Skin-Soothing Strategies for Eczema

By Semko, Laura 
March 21, 2017
February 2015

Skin-Soothing Strategies for Eczema

More American children are feeling the itch of eczema. One out of 10 currently suffers from this chronic skin condition. If your child is one of them, take note. That red, inflamed skin may last well into adulthood. Even so, a healthy skin strategy can help soothe your child’s symptoms.

Under the skin

Eczema isn’t simply dry skin. It actually refers to a group of skin conditions—all of which cause a rash. The most common type is called atopic dermatitis. Its telltale signs: flaky, red, itchy skin patches. The affected skin may even ooze clear fluid.

Eczema often appears in children younger than age 5. But anyone can develop it. Its exact cause is unknown. It may stem from a problem with a protein called filaggrin. This protein helps keep the skin hydrated. A lack of it may cause the symptoms of eczema to flare up.

Children tend to outgrow eczema. But that’s not always the case. In a recent study, researchers tracked the health of more than 7,100 children and teens with the skin problem. The youngsters answered questions about their symptoms every 6 months for up to 5 years. At the end of the study, many of them—some in their 20s—still reported using medicine for their eczema.

More than skin deep

You may think eczema is only a skin condition. But it can have much broader health effects, such as sleep problems. Eczema tends to itch more at night, keeping a child awake. As a result, your child may have trouble doing well at school or during other activities.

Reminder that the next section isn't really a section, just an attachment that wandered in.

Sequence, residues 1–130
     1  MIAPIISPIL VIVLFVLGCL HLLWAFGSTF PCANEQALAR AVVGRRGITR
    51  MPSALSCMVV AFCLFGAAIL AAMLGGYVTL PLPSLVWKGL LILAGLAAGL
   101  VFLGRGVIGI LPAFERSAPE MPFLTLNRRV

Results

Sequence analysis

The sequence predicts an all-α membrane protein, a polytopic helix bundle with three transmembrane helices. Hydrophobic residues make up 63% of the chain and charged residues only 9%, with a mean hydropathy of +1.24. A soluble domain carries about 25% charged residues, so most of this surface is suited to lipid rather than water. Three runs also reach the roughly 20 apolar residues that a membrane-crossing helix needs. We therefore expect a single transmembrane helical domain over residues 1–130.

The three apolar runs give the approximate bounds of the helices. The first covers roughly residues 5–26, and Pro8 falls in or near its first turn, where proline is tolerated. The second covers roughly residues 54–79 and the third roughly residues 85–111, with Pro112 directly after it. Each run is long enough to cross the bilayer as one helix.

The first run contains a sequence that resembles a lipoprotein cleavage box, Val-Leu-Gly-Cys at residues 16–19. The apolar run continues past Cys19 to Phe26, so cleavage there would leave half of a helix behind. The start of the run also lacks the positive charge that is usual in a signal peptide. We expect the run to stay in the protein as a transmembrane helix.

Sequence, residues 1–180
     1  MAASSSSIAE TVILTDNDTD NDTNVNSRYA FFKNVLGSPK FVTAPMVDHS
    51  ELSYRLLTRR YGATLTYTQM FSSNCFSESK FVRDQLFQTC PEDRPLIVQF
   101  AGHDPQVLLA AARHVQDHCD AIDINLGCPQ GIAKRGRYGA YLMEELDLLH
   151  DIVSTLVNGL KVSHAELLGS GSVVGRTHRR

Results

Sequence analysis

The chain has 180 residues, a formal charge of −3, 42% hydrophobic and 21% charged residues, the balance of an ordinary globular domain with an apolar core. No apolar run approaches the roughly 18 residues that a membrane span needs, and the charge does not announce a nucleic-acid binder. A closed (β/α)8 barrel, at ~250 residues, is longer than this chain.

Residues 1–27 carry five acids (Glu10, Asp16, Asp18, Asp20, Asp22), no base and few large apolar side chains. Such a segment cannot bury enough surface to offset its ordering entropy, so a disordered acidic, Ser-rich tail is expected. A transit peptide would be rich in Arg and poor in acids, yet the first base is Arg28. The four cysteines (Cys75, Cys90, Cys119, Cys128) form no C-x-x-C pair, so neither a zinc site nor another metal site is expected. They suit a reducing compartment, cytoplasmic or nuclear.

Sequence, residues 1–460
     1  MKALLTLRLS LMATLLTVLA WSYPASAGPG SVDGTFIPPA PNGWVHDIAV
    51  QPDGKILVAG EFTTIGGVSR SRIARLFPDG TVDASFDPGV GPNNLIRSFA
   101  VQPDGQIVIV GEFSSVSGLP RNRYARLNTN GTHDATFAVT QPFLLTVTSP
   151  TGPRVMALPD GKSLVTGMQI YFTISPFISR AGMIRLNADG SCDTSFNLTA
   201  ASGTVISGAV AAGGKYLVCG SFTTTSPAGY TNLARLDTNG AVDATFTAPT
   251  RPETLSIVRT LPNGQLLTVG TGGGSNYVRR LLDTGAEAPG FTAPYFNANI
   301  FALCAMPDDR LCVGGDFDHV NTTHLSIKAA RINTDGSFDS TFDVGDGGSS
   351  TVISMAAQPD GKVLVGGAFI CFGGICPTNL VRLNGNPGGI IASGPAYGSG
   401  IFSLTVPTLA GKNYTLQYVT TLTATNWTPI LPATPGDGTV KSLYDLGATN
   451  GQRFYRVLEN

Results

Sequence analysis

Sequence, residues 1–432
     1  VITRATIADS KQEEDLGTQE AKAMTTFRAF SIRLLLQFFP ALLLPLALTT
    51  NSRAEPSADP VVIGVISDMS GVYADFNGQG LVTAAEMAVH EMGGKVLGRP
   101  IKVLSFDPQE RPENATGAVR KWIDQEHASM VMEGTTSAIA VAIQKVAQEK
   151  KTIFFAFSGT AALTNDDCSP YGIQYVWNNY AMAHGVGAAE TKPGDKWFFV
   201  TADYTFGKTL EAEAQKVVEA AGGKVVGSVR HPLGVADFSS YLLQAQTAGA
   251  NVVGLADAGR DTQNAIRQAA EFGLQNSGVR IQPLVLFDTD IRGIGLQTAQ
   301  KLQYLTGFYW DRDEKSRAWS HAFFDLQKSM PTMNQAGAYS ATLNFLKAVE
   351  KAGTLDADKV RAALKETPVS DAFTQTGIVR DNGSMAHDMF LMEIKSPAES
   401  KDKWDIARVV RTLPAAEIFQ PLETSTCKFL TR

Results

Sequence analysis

Red, irritated skin can lower a child’s self-esteem, too. That, in turn, may raise the risk for depression and anxiety. Some research also suggests children with eczema may be more prone to infections like strep throat or the flu.

The American Academy of Pediatrics recently offered the most up-to-date strategy for easing eczema. If your child has this skin condition, try these steps:

  • Keep your child’s skin healthy. A short, daily bath in lukewarm water and mild soap can cleanse the skin of irritants. Apply moisturizer regularly and after bathing. Whether it’s an ointment, cream, or lotion, choose a moisturizer that is fragrance free and has few preservatives.

  • Help your child avoid his or her triggers. They can worsen eczema symptoms. Common triggers include soaps, household cleaners, gasoline, nonbreathable fabrics, humidity, sweat, and even stress.

  • Apply a topical steroid during a flare-up. Some of these medicines are available over the counter, such as hydrocortisone ointment. Your child’s health care provider may prescribe more powerful drugs. Always use these as directed. They may have unwanted side effects.

  • Stop the itch. Itching is usually the most troubling symptom of eczema. Applying plenty of moisturizer can help. Your child’s doctor may also recommend an antihistamine.


Concerned your child has eczema? Learn more here.


Online resources

American Academy of Dermatology

National Institute of Arthritis and Musculoskeletal and Skin Diseases


March 21, 2017


Atopic Dermatitis: Skin-Directed Management. M.M. Tollefson, et al. Pediatrics. 2014;134(6):e1735-44., Childhood Atopic Dermatitis and Warts Are Associated with Increased Risk of Infection: A U.S. Population-Based Study. J. Silverberg and N. Silverberg. J Allergy Clin Immunol. 2014;133(4):1041-47., Eczema Prevalence in the United States: Data from the 2003 National Survey of Children’s Health. T.E. Shaw, et al. Journal of Investigative Dermatology. 2011;131(1):67-73., Health Outcomes in Atopic Dermatitis. B. Rehal and A. Armstrong. Dermatologic Clinics. 2012;30(1):73-86., Persistence of Mild to Moderate Atopic Dermatitis. J.S. Margolis, et al. JAMA Dermatology. 2014;150(6):593-600.

Reviewed By:  

Turley, Ray, BSN, MSN